The centre-right is set to remain the biggest group in the EU legislature after elections in May that should also show a surge in seats for the far-right, a survey by the European Parliament showed on Monday.
The German Christian Democrat CDU/CSU alliance led by Chancellor Angela Merkel would remain the biggest single party with 29 seats, but only just ahead of Italy’s League, the far-right group now in government in Rome.
Its 27 seats are a mark of how the elections will reflect a strengthening of nationalist sentiment against established pro-EU movements across Europe.
While traditional parties are set to retain a dominance that would allow a continuation of the broad centrist majority coalition that has tended to support legislation from the EU executive, gains of about 40 percent for radicals on the right, to 14 percent of seats, may introduce more policy uncertainty.
The European People’s Party (EPP), to which Merkel belongs, would take 183 of the 705 seats, or 26 percent, in the new chamber. That is down from 29 percent at present, according to the compilation of national polling data from the 27 member states. It was published by the assembly’s staff on Monday.
That would outstrip the 135 seats for the centre-left Socialists and Democrats, whose share would drop six points to 19 percent, partly due to the loss of British seats after Brexit as the parliament slims down from a total of 751 seats.
Britain’s ruling Conservative party does not sit with the EPP. Their departure would hit the European Conservatives and Reformists, dropping that group from third place to fifth — although parliamentary officials also expect the voting to usher in a major reshuffle of alliances on the floor, making it difficult to forecast group alignments in the new chamber.
The two far-right eurosceptic groups among the eight in the current parliament would see their share rise to 14 percent from 10 percent, despite the loss of Brexit campaigners the UK Independence Party. That reflects gains for Italy’s League, adding 21 seats, Germany’s AfD, gaining 11, and Marine Le Pen’s French National Rally, which would add six seats if polls hold.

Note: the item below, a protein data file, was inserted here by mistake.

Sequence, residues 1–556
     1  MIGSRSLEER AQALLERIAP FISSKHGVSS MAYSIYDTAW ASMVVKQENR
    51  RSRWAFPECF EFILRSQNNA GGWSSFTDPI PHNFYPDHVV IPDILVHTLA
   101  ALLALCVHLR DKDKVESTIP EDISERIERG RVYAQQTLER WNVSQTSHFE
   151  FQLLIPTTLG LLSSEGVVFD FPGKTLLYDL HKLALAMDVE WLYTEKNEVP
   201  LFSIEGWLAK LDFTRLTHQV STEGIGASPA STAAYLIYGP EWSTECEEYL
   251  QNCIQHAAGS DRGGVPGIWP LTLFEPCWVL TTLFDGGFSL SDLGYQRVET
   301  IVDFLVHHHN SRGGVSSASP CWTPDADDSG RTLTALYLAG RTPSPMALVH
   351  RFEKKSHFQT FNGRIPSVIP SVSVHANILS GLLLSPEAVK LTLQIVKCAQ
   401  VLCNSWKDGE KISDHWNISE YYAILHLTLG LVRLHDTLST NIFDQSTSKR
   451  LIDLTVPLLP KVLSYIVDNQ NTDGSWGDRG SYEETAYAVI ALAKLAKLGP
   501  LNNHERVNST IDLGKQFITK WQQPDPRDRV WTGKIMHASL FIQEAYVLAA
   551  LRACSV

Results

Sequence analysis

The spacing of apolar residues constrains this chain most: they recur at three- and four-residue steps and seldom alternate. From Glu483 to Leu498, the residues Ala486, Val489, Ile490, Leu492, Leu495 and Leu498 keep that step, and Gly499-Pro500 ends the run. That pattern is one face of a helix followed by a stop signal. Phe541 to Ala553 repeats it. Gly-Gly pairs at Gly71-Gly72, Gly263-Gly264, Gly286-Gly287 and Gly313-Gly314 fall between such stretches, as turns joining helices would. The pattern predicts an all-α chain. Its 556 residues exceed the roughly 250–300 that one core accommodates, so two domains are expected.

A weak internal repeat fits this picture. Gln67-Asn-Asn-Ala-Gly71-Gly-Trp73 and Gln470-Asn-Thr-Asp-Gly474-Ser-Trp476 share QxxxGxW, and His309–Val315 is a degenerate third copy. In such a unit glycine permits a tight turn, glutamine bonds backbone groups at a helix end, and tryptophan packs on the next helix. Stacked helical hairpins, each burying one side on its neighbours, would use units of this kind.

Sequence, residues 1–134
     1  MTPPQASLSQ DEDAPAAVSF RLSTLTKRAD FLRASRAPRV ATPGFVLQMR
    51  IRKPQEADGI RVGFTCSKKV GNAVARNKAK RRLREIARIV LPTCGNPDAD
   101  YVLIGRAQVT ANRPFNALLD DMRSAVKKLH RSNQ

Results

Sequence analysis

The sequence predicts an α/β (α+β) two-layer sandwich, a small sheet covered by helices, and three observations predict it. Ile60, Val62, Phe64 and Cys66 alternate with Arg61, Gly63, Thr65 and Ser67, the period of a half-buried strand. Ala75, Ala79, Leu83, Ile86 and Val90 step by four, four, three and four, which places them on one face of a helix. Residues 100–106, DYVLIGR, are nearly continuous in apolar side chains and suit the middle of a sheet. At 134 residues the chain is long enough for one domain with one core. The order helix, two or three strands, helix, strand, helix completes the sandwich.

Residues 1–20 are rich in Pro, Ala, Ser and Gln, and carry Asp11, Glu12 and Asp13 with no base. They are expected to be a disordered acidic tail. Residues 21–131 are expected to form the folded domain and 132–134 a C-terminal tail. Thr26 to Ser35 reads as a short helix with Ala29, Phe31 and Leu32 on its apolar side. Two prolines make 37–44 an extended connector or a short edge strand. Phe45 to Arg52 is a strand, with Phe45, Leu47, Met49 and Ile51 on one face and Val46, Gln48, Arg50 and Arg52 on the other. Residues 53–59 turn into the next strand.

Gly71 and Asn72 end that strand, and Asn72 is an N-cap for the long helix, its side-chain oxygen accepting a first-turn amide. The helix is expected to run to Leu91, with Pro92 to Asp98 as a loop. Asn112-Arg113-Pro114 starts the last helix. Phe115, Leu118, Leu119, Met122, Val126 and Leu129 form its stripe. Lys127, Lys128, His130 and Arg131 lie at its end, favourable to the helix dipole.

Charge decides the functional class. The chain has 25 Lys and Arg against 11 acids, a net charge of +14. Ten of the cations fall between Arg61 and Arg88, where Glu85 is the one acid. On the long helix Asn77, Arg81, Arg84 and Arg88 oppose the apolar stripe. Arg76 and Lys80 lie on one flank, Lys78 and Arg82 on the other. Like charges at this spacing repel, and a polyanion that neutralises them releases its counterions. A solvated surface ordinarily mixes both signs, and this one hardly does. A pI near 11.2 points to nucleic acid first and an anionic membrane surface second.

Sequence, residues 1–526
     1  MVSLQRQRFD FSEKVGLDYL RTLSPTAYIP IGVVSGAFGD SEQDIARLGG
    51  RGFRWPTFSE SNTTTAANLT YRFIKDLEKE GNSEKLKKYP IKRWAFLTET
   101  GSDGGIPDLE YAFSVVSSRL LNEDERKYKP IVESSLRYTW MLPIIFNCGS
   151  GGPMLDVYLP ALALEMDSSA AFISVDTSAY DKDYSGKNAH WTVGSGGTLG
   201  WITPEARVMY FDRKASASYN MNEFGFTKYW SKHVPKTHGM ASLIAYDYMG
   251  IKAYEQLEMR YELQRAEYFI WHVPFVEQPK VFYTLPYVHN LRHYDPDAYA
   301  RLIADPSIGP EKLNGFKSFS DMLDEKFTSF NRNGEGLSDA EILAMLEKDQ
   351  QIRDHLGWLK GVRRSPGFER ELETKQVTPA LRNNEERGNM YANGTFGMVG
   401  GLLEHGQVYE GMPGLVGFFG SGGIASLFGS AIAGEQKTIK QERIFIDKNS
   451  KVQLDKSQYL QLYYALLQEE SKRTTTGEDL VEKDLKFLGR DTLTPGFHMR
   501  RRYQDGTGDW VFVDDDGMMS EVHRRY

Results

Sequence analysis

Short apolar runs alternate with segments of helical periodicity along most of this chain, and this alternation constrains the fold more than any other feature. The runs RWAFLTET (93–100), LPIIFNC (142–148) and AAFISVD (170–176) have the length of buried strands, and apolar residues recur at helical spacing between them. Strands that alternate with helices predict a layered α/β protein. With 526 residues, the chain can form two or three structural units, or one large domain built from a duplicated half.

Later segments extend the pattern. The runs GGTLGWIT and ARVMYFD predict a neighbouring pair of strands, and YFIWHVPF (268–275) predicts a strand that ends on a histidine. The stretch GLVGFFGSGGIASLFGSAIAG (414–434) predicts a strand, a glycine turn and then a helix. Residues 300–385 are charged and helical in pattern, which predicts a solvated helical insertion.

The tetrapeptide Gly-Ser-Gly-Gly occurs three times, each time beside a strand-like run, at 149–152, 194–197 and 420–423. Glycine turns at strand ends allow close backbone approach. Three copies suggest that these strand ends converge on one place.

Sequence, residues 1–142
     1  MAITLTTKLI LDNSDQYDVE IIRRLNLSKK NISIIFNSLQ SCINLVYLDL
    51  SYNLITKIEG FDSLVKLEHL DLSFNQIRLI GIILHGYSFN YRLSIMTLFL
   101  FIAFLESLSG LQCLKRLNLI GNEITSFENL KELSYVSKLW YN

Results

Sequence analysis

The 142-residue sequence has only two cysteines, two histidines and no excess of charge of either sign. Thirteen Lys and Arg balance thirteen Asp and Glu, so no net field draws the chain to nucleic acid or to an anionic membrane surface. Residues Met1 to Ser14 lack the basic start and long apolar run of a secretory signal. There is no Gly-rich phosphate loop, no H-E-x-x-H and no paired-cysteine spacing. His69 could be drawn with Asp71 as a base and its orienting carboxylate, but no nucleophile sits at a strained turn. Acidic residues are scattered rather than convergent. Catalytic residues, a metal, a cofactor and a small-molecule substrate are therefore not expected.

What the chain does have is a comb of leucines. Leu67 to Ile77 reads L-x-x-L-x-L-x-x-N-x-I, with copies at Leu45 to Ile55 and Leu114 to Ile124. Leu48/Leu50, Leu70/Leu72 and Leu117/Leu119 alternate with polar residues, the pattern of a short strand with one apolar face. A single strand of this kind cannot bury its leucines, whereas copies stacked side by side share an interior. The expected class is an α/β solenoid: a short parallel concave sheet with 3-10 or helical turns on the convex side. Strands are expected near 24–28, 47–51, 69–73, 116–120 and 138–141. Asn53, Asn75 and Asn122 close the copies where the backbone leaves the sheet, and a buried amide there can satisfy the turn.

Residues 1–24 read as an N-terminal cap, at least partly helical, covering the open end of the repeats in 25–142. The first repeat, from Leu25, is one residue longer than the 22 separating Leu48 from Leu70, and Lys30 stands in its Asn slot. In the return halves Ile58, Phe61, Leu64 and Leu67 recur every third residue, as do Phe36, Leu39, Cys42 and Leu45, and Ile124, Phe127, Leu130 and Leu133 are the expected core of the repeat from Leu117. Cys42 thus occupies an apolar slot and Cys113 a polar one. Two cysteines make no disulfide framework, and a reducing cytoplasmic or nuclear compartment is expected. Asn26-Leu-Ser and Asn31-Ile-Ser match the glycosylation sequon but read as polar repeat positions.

However, realignments of existing groups are likely after voting ends on May 26 and before the new parliament sits on July 2 as national parties seek allies that fit their policies and can leverage their strength with funding and committee posts.
Italy’s 5-Star movement, in government with the League, sits now with UKIP but has looked at joining groups further left in the chamber. The polls suggest it could gain eight seats to 22 in May, but those may not, in fact, bolster the far-right.
There are also question marks over the alignment of some 24 seats for Poland’s ruling Law and Justice party, often hostile to Brussels, as its ECR allies the British Conservatives depart.
Also unclear are the 18 French seats which polls suggest President Emmanuel Macron’s En Marche movement may win.
Adding them to the centrist ALDE, home to some Macron allies and which shares Macron’s strongly pro-EU line, would give ALDE 93 seats, making it easily the third biggest bloc. But Macron has been wary of confirming which alliances he will make as he looks to use the May elections to resist eurosceptic forces.
One consequence of uncertainty over the make-up of the new parliament — which might also be upset by a delay to Brexit — could be delay in forming the new executive.
National leaders should nominate a successor to European Commission President Jean-Claude Juncker in late June. Lawmakers should then confirm the nominee in July so that a new Commission of nominees from all 27 member states is in place on Nov. 1.
Given the summer break, that is a fairly tight timetable. A demand by Parliament that leaders nominate a lead candidate from one of the winning parties could also cause more wrangling. Juncker and his team would stay on if there were such a delay.